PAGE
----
From David Weiss Halivni's "Revelation Restored": The Rashbam, in his commentary on the Pentateuch, when addressing [these verses on Ex 13:9 & Deut 6:8], interprets the scriptures metaphorically. That is to say, according to the Rashbam's own opinion, there is no explicit instruction in the the written Torah concerning the wearing of leather containers holding inscribed parchments. The Rashbam, who certainly wore phylacteries, accepted, I am sure, the dictum of the Mishnah [Sanhedrin 11:3], that if an elder should say, "'There is no obligation to wear phylacteries', he is not culpable because it transgresses the (explicit) words of the Law". The Rashbam's interpretation of scriptures does not necessarily belie this dictum. The commentary follows the contours of the text; the halakha expresses the will of God. The will of God is sometimes suggested by means other than peshat.

e-kvetcher said...

Just be glad we didn't take the phrase about "circumcising your heart" literally. On the other hand, if you're a surgeon...

Anonymous said...

See Ibn Ezra ad locum, where he somewhat successfully makes a case for a literal reading.

As for what to wear on the arm, for that even the rabbinic tradition agrees that one needs Mesorah. (A bit self-validating, don't you think?)

Anonymous said...

See Ibn Ezra ad locum, where he somewhat successfully makes a case for a literal reading.

As for what to wear on the arm, for that even the rabbinic tradition agrees that one needs Mesorah. (A bit self-validating, don't you think?)

Anonymous said...

See Ibn Ezra ad locum, where he somewhat successfully makes a case for a literal reading.

As for what to wear on the arm, for that even the rabbinic tradition agrees that one needs Mesorah. (A bit self-validating, don't you think?)

Anonymous said...

See Ibn Ezra ad locum, where he somewhat successfully makes a case for a literal reading.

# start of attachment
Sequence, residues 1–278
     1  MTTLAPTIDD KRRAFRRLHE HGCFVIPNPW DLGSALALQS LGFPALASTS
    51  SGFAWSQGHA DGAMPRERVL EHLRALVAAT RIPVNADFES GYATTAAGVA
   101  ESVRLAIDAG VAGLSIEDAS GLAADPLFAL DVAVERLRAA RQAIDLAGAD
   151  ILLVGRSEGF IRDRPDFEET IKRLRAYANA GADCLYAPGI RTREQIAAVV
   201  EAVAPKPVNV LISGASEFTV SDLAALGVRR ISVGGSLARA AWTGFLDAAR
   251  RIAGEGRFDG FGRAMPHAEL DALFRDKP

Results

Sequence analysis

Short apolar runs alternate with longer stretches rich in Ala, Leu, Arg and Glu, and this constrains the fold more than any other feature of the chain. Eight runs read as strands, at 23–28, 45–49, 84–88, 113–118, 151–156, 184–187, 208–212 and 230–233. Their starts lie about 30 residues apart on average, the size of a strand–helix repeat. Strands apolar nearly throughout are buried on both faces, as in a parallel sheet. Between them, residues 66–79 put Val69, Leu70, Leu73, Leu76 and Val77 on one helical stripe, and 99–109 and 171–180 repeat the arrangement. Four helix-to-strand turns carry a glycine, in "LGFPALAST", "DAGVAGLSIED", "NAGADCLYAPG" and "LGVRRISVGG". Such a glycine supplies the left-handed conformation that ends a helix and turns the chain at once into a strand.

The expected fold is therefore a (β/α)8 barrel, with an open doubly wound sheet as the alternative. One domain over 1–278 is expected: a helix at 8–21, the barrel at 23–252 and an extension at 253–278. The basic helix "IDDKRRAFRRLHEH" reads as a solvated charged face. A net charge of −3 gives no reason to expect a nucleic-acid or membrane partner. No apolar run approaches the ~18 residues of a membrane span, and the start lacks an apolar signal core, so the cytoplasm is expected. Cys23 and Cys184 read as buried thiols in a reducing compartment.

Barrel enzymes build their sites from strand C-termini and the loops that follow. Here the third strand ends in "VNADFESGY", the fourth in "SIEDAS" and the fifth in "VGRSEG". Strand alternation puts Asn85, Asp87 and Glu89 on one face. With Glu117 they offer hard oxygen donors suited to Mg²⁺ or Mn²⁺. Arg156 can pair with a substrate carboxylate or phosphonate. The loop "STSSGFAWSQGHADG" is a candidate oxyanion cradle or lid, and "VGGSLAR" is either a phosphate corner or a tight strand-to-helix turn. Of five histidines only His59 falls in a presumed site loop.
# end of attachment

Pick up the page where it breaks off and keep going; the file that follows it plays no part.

As for what to wear on the arm, for that even the rabbinic tradition agrees that one needs Mesorah. (A bit self-validating, don't you think?)

Anonymous said...

See Ibn Ezra ad locum, where he somewhat successfully makes a case for a literal reading.

As for what to wear on the arm, for that even the rabbinic tradition agrees that one needs Mesorah. (A bit self-validating, don't you think?)

Anonymous said...

The rabbinic tradition doesn't agree that one needs Mesorah to know about tefilin, it INSISTS. And uses this as a means of demonstrating the absolute necessity of the existance Torah Shel Ball Peh and its authority in understanding Tanach.

I recently read a book about the historical conflict between East and West, and in it the author commentated that the Catholic Church forbade the translation of the Bible into the venacular out of fear that the masses would read it and, "misinterpret the Bible as saying exactly what it says." Heaven forbid we ever decide for ourselves which parts of Tanach are literal and which are not, reather than relying on the meforshim...

G*3

Holy Hyrax said...

Bruce

It's not that hard

Mark said...

OP

I've been pointing this out to people for a while now. And the two verses in Deuteronomy are equally hard to understand literally. The reason being that unlike the traditional understanding, these two places are not to be understood as separate fragments talking about that particular paragraph. If read in context, which is how the text implies it should be read, it's saying that we should tie these words to our heads and arms, these words being the whole speech of Moses from the beginning. Meaning his general exhortation, which would make it very hard to put all that writing on your body. The same applies to the traditional understanding of the commandment to "say this words as you lie down and wake up" because again it's talking about the whole speech. And it doesn't just say when you wake up and go to sleep, it says to say these words when you're home, when you're on the road etc. which obviously implies a general advice to always keep Moses' words in mind.